The US Supreme Court ruling just before the July 4 holiday weekend to limit the regulatory powers of the Environmental Protection Agency (EPA) over emissions from power plants is seen reducing legal challenges on the US hydrocarbon industry, including against LNG export developments and natural gas pipeline infrastructure.
In a 6-3 opinion the Supreme Court in Washington DC ruled in the case of West Virginia versus the EPA that the federal agency did not have the authority to regulate industry greenhouse-gas emissions that would affect individual power plants.
The case stems from former President Barrack Obama's Clean Power Plan (CPP), which would have enforced mandates for how much GHG emissions from power plants were allowed.
The policy was never officially implemented as it faced legal challenges and was side-lined under the Administration of President Donald Trump.
Analysts said the Court ruling leaves the Administration of President Joe Biden dependent on passing legislation if it wants to introduce regulations to reduce GHG emissions at plants and facilities.
“A decision of such magnitude and consequence rests with Congress itself,” the Court ruled,
The justices stated that they doubted Congress intended to delegate the question of “how much coal-based generation there should be to any administrative agency” of the federal government.
Analysts added that the Court ruling marked a setback for Biden, who was elected President on an anti-hydrocarbon platform and several of his first moves included blocking oil and gas projects.
The most high-profile Biden cancellation was of the Keystone XL pipeline extension to deliver more cheap Canadian oil for refining in the US into petroleum products such as gasoline.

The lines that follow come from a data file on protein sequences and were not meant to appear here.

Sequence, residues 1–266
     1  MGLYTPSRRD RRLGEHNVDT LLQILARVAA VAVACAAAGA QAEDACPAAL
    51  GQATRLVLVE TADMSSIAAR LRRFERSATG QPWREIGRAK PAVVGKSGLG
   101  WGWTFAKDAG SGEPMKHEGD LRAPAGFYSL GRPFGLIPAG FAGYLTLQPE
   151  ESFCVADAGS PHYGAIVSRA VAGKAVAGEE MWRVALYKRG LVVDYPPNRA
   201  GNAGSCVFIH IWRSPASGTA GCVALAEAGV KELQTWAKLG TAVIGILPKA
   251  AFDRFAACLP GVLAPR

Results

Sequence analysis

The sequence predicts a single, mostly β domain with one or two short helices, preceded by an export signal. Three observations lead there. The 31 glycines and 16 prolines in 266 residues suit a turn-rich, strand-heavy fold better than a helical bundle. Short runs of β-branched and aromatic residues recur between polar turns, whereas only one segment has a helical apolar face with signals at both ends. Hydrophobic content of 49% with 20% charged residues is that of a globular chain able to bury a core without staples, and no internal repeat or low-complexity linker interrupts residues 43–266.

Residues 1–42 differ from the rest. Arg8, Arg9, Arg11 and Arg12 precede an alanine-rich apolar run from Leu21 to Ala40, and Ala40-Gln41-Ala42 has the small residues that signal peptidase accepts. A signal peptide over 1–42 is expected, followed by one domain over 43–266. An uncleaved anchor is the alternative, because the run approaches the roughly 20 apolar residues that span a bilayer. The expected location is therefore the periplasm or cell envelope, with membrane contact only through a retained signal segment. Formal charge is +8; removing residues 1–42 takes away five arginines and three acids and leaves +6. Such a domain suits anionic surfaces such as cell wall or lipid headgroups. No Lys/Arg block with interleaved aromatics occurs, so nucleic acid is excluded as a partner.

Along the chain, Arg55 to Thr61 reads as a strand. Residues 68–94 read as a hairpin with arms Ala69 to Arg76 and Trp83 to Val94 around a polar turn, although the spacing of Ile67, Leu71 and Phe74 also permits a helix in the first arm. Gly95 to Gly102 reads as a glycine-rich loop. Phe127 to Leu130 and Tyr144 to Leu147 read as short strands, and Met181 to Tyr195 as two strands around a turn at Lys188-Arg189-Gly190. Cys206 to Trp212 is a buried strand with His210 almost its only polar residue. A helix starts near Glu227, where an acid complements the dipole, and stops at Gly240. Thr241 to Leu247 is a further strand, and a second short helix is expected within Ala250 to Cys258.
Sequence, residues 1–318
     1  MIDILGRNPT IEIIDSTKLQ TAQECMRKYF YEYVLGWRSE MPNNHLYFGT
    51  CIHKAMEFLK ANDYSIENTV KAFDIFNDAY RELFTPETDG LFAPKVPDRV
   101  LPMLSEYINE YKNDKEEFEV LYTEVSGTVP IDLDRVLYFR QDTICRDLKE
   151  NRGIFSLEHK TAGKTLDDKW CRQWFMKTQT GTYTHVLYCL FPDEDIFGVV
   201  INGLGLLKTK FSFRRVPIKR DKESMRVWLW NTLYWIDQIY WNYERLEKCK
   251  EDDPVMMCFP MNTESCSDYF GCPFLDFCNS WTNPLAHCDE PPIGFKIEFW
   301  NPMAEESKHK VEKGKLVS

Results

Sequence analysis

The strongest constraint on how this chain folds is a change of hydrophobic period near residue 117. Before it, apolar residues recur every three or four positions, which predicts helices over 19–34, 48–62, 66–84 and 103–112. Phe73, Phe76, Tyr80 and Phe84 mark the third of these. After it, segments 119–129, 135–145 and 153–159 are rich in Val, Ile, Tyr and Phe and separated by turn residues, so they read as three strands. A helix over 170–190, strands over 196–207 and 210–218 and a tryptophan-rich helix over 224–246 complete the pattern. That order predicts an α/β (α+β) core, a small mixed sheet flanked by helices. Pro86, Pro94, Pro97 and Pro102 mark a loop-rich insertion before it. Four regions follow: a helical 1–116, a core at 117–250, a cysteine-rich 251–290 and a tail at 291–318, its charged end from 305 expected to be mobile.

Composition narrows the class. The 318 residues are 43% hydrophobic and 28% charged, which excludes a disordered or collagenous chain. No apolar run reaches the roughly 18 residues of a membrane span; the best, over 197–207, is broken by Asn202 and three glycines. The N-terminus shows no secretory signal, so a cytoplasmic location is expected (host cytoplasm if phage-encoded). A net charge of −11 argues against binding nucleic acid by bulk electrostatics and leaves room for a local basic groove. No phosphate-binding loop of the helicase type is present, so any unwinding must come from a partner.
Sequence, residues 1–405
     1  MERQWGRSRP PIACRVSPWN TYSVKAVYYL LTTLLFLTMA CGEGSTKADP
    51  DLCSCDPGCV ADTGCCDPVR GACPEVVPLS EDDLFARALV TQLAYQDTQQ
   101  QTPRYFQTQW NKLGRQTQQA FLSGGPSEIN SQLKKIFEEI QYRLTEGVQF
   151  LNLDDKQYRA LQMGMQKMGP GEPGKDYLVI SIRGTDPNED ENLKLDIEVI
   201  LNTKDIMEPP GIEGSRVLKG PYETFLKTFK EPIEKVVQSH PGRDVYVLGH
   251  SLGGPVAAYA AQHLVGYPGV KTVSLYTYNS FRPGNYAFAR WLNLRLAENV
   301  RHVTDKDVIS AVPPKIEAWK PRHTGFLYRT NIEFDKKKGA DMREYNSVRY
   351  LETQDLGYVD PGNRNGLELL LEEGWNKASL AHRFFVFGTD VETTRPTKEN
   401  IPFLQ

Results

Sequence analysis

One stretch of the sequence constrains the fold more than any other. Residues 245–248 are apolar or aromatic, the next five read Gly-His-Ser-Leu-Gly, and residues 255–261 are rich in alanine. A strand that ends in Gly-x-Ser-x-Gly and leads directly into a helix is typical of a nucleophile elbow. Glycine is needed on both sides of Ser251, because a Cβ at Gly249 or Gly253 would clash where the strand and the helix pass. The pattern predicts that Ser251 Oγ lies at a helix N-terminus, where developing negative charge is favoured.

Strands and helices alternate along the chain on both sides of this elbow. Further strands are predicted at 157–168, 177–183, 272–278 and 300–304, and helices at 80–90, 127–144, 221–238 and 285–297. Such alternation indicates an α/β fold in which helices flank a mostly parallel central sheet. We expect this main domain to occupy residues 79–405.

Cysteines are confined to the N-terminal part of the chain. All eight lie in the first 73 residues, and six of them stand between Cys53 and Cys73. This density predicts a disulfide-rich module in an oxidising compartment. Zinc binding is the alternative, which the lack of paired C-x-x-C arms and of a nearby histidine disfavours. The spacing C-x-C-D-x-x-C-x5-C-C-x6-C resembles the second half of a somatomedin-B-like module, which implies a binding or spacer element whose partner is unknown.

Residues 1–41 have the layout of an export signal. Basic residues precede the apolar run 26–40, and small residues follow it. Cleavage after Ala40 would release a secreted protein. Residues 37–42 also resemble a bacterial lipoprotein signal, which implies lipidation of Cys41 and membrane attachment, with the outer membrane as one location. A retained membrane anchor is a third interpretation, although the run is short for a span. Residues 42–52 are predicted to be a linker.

Biden and his Democratic Party also opposed LNG, a policy they have now rowed back on, and blocked the Jordon Cove LNG export project proposed for the northwest state of Oregon as an outlet to Asia for abundant US natural gas.
Biden has also pledged to remove carbon from the US power grid by the middle of the next decade, setting the country on a path to net-zero emissions.
However, his efforts to implement more extreme climate-mitigation legislation in Congress have stalled and could disappear after the mid-term elections in November 2022.
US lawyers were quick to comment and asserted that the Supreme Court ruling in the case for West Virginia, the US coal state, should be interpreted as a warning to federal agencies not to overstep their explicit statutory authority in crafting new regulations.
Though the Obama CPP never took effect, its opponents were concerned that a similar policy against coal, oil and gas could be enacted unless the courts intervened and this led to the West Virginia case.
The petitioners in the case were West Virginia, supported by the state of North Dakota, along with two coal companies and they asked the Court to decide whether the EPA had blanket authority to force changes in the power generation mix in the name of GHG reductions and the answer was no.